Germany was forced to pay the reparations at the Treaty of Versailles in 1919 as compensation to the war-ravaged nations of Belgium and France and to pay the Allies some of the costs of waging what was then the bloodiest conflict in history, leaving nearly ten million soldiers dead.
The initial sum agreed upon for war damages in 1919 was 226 billion Reichsmarks, a sum later reduced to 132 billion, £22 billion at the time.
Most of the money goes to private individuals, pension funds and corporations holding debenture bonds as agreed under the Treaty of Versailles, where Germany was made to sign the 'war guilt' clause, accepting blame for the war.
This, one must admit, is a head-scratcher. Good thing no one held a grudge after 1919, else we'd have had real problems.
Apparently a former Hitler Youth called me a Nazi today:
The pontiff praised Britain's fight against the Nazis - who "wished to eradicate God" - before relating it to modern day "atheist extremism".
Afterwards his spokesman Federico Lombardi said: "I think the Pope knows rather well what the Nazi ideology is".
Yes, Ratzinger should know what the Nazi ideology is, but I'm afraid we athiests are rather unlike him. In the same speech he also said, "I also recall the regime's attitude to Christian pastors and religious who spoke the truth in love, opposed the Nazis and paid for that opposition with their lives," forgetting, I suppose, how these pastors were resisting the organization he himself wanted to join and how the organization he himself now leads turned Jews over to the Nazis throughout the war.
Really, is there any reason to continue treating this man with the deference and respect we show actual world leaders?
Sullivan asks, "What if the Pope came to Britain and not even the Catholics showed up?"
ONLY 65,000 Catholics are now expected to take part in the papal mass in Scotland tomorrow – one third fewer than originally expected and a mere fraction of the total number in the country.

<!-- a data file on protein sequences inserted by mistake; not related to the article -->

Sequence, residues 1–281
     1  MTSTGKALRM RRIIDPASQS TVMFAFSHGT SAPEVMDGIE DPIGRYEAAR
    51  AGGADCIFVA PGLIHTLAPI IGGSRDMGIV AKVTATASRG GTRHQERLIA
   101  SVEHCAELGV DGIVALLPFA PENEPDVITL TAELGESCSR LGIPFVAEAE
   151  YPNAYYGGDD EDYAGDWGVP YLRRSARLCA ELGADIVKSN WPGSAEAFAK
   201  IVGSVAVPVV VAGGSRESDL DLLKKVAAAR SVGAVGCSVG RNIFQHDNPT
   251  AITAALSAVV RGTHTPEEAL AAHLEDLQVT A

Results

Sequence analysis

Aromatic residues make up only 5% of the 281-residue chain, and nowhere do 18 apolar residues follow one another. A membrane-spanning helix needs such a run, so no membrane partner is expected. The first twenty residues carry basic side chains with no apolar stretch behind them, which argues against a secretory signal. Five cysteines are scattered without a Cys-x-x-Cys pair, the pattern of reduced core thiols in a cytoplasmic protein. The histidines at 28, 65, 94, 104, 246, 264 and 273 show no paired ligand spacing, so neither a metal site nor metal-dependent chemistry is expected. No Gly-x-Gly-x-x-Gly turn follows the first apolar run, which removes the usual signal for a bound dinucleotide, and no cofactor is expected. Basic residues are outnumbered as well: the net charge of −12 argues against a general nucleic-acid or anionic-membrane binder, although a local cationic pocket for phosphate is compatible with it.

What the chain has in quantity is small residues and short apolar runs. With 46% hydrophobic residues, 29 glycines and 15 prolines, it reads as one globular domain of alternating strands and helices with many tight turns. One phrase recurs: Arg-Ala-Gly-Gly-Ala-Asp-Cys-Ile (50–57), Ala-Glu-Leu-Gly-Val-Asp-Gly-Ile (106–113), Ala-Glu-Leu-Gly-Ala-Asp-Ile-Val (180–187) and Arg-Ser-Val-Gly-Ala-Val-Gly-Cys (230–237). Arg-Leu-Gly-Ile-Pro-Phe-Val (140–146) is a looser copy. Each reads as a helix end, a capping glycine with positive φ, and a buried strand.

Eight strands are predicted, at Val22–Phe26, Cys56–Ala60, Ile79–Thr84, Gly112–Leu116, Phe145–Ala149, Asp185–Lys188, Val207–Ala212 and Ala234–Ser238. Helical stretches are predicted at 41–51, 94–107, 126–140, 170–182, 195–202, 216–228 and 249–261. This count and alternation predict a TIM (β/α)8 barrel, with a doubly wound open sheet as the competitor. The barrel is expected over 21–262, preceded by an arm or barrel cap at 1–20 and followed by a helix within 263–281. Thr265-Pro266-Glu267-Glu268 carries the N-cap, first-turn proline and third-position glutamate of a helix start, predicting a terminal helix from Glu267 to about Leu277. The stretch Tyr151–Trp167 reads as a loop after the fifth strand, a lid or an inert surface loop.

The figure falls far short of the 100,000 pilgrims it was originally hoped would flock to see Pope Benedict XVI at Bellahouston Park in Glasgow.
The Catholic Church denied that the controversy over the Pope's handling of the Church's child abuse scandal has undermined his imminent arrival.
But critics of the visit claimed the figures revealed the extent of indifference towards the first visit by a Pope to Scotland for 28 years.
The Catholic Church says more than 250,000 attended the mass in Bellahouston Park when Pope John Paul II visited in 1982.
I would walk 500 miles, and I would walk 500 more, just to be the man who walked 1,000 miles away from Ratzinger.
India became independent from the U.K. on 15 August 1947. Happy birthday!
And because blogs are traditionally self-absorbed, I'll point out India has hot, sticky weather much like what we've had in Chicago this summer. We've had 35 consecutive days with dewpoints over 22°C. Bleah.
Via Sullivan and the New Yorker, a scary-cool animation of the 2,051 nuclear weapons tests (plus the two the U.S. dropped on Japan) between 1945 and 1998:
Via Sullivan, UK Prime Minister David Cameron presents the Conservative view of gay marriage: